The long and winding road: Court of Appeal Victory for Mills & Reeve in SDLT shared equity case
In 2006, a professor bought a house in London with assistance from the college that employed him. This was a ‘shared equity’ scheme, which Mills & Reeve helped to pioneer many years ago.
There are many variants to the scheme, but basically the employer, university or college contributes part of the purchase price and takes a proportionate share in the equity. Usually, the staff member has the opportunity to buy out the institution in the future.
The college is of course a charity and expected to claim SDLT charities relief on its equity share. Unfortunately, the professor’s solicitors, who were responsible for making the SLDT return, wrote to HM Revenue & Customs to ask its opinion. It responded that the college was not entitled to charities relief, because it had bought the house jointly with the professor…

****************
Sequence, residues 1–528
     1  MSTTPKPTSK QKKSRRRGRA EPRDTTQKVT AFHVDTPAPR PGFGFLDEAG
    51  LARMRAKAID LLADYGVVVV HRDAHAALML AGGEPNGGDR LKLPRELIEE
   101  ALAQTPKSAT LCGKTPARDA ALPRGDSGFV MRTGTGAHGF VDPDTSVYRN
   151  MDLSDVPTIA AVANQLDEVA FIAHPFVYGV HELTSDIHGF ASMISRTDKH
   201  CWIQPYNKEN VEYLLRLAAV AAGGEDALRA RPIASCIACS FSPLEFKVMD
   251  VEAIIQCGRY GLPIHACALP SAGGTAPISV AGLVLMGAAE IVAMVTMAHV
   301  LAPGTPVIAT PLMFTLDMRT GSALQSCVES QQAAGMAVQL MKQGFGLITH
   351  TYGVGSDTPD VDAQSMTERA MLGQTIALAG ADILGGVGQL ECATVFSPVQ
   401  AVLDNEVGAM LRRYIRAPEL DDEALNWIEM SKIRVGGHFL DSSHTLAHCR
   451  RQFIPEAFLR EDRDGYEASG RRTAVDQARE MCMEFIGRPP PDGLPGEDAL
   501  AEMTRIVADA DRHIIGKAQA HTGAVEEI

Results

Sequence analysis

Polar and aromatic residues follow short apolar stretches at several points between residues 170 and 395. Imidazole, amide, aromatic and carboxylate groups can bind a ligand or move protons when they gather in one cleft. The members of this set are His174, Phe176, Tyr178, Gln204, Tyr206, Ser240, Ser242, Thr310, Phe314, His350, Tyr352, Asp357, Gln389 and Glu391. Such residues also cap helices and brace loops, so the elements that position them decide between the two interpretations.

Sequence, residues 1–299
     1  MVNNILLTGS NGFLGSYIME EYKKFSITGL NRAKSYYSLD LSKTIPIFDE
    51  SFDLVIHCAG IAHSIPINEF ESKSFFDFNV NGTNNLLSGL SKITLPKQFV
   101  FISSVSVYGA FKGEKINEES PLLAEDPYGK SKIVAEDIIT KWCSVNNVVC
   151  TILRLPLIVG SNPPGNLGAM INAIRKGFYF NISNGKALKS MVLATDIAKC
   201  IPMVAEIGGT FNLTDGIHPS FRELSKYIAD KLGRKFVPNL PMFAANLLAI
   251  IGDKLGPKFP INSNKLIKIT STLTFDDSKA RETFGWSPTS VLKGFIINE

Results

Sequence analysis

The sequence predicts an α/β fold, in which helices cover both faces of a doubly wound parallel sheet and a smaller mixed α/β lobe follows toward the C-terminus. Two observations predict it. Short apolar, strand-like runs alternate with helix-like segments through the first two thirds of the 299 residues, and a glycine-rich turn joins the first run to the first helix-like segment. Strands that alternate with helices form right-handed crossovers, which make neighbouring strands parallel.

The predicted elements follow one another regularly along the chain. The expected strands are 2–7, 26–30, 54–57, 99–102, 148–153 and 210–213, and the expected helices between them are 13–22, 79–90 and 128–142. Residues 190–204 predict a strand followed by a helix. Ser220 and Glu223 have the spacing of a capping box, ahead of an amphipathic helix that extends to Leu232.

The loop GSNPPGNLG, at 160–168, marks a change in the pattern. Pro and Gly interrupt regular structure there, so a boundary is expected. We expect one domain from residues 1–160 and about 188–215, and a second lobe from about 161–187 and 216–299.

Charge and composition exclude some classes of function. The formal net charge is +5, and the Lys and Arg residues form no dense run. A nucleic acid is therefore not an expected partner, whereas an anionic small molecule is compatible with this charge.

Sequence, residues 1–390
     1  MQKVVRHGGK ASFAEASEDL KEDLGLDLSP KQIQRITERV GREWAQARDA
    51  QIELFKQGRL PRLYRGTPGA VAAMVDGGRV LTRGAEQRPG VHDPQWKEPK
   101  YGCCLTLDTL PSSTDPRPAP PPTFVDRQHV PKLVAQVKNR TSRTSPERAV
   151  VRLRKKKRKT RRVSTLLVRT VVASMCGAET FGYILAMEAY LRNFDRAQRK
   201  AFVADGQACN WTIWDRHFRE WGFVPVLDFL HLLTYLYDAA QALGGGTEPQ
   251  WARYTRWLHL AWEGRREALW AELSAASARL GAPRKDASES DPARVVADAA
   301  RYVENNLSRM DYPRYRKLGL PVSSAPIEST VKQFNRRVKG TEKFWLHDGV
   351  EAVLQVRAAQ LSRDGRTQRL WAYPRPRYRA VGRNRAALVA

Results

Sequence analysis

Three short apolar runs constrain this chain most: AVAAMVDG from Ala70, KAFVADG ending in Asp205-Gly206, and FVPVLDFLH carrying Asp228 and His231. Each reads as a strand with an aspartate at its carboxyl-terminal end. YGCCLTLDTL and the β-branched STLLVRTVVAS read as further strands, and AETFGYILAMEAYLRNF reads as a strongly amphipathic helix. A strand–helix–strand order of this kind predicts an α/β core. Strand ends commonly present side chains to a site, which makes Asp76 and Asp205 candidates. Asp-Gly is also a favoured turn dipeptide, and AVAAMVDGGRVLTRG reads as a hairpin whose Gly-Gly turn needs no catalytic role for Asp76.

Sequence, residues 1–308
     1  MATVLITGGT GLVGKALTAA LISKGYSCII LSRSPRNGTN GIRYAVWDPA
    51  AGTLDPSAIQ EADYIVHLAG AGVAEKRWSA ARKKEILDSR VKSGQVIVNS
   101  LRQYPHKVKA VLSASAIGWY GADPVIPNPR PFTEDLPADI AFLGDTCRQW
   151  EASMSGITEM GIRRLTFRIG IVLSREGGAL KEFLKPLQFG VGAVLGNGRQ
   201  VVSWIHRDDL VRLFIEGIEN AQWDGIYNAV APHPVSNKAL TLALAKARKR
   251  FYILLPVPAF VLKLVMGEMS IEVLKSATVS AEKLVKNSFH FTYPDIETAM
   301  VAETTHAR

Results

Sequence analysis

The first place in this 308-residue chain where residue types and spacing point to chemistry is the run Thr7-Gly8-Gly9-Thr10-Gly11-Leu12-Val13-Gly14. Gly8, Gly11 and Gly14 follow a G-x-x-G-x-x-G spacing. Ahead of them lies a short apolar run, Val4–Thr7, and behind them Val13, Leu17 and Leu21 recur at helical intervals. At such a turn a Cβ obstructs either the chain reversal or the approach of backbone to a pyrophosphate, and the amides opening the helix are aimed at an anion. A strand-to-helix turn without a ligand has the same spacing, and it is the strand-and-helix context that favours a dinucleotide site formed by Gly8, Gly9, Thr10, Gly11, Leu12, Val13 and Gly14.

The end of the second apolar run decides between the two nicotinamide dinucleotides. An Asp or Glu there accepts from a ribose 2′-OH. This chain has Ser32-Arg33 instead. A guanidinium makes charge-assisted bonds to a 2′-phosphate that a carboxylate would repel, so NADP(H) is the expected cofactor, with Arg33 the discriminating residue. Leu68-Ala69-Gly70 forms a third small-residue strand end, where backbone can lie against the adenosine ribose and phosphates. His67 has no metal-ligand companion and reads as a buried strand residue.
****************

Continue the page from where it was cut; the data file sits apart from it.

If you are registered and logged in to the site, click on the link below to read the rest of the Mills & Reeve briefing. If not, please register or sign in with your details below.
Sign in or Register to continue reading this article
It's quick, easy and free!
It takes just 5 minutes to register. Answer a few simple questions and once completed you’ll have instant access.Register now
Why register to The Lawyer
In-depth, expert analysis into the stories behind the headlines from our leading team of journalists.
Identify the major players and business opportunities within a particular region through our series of free, special reports.
Receive your pick of The Lawyer's daily and weekly email newsletters, tailored by practice area, region and job function.
More relevant to you
To continue providing the best analysis, insight and news across the legal market we are collecting some information about who you are, what you do and where you work to improve The Lawyer and make it more relevant to you.
News from The Lawyer
Analysis from The Lawyer
The trend for unbundling legal work is advancing through the law firm ranks but there is still resistance in some quarters - namely in-house. We asked why